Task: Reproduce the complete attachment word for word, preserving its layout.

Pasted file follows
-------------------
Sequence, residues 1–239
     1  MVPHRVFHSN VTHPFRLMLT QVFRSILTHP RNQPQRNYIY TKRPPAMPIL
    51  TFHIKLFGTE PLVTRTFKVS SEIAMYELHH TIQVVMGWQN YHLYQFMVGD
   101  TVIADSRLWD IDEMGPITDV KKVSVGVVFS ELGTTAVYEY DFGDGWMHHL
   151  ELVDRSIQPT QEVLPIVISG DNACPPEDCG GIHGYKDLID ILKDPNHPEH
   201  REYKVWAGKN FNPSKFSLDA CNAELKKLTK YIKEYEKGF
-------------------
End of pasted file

Sequence, residues 1–239
     1  MVPHRVFHSN VTHPFRLMLT QVFRSILTHP RNQPQRNYIY TKRPPAMPIL
    51  TFHIKLFGTE PLVTRTFKVS SEIAMYELHH TIQVVMGWQN YHLYQFMVGD
   101  TVIADSRLWD IDEMGPITDV KKVSVGVVFS ELGTTAVYEY DFGDGWMHHL
   151  ELVDRSIQPT QEVLPIVISG DNACPPEDCG GIHGYKDLID ILKDPNHPEH
   201  REYKVWAGKN FNPSKFSLDA CNAELKKLTK YIKEYEKGF